What we do not yet know is the status of her relationships with her family members. Perhaps she did not want to make a will and was not overly concerned with the distribution of her estate. Perhaps she wanted to bequeath assets to charities, which might have angered her family. Certainly that won’t happen now, given the nature of intestacy law. The law of Michigan, Franklin’s home state, is that, without a will, an estate is distributed among children. Franklin had four children. But it is presumably possible that the nature of her relationship with her children had a lot to do with her apparent decision to do little or no estate planning.
Some of the other celebrities who did not have wills when they died include:
Sonny Bono, former partner of Cher, died in a ski accident in 1998, without a will. His estate was valued at $4 million. His surviving wife, Mary Bono, had to launch proceedings in probate court to be named executrix.
Prince died in 2016 without a will and with an estate valued at $200 million. Numerous persons claimed to be a former wife, sibling, child or other relative. Though a judge last year ruled in favour of Prince’s surviving sister and five half-siblings (to get the estate), others have filed appeals, so the estate will not likely be resolved for years.
Bob Marley died in 1981, leaving no will. Under Jamaican law, his estate was to be given to his wife and 11 children. However, more than 30 years later, the estate remains in litigation.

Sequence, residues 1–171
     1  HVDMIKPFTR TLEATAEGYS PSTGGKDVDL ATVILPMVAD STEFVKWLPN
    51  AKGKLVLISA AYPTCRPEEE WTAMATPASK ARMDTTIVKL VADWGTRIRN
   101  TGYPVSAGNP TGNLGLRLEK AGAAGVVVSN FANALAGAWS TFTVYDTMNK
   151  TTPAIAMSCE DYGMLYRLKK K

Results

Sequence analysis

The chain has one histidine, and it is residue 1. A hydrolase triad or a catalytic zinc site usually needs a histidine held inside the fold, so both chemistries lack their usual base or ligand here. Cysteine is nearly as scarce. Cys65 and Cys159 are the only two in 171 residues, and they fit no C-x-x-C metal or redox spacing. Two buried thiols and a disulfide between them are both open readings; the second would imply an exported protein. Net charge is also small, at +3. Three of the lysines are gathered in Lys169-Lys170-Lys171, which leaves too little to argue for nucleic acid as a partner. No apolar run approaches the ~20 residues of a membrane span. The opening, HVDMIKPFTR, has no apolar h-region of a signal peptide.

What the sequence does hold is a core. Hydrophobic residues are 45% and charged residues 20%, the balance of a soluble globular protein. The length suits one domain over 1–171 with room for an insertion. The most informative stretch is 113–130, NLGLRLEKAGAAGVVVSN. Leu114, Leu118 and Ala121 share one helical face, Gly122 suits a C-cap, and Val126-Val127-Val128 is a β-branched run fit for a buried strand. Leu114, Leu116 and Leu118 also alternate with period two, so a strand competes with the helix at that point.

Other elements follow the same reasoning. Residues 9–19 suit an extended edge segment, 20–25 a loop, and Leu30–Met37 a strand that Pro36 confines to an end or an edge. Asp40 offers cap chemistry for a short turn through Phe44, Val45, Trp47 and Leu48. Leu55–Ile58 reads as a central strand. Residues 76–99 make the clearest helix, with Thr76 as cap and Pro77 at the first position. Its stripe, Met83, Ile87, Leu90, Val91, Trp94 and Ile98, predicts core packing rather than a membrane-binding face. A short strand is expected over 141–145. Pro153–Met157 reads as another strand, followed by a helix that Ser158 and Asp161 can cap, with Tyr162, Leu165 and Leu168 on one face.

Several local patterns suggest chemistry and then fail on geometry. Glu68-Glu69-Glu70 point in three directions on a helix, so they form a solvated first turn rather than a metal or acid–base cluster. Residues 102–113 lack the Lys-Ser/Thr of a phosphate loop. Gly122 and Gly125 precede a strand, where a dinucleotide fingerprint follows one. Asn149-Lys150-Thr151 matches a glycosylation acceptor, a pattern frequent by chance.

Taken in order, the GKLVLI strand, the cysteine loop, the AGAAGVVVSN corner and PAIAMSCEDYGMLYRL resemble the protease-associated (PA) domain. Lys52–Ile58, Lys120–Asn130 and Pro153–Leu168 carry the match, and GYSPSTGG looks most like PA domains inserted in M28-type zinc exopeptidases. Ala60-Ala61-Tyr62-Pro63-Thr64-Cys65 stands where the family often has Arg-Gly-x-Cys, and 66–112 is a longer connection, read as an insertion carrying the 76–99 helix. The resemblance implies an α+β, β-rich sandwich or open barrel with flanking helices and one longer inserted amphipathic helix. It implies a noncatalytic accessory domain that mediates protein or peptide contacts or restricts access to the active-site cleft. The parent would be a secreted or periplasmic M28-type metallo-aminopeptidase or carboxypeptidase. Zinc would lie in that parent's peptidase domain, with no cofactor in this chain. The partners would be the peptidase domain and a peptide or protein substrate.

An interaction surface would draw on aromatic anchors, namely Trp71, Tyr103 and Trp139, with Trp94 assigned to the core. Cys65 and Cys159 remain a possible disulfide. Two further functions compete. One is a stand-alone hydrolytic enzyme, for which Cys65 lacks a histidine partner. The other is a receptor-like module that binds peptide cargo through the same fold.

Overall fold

Jimi Hendrix died in 1970, also without a will. The estate was fully settled 45 years later, with a resolution regarding the commercial use of Hendrix’s likeness.
Kurt Cobain, who died in 1994 without a will, left a $450 million estate. The estate was apparently resolved in 2010.
Pablo Picasso died in 1973, leaving an estate that cost $30 million to resolve (in a six-year battle). The incredible artist died without a will … he could have at least painted one!
So, do you really need a will? The short answer is yes, and here are some reasons.
Even if you are a young family with no major assets except for a heavily mortgaged residence, once you have children, you should make a will. A will is the best – and perhaps least expensive – document in which to appoint a guardian for minor children. Without it, grandparents will battle the province for custody of your children.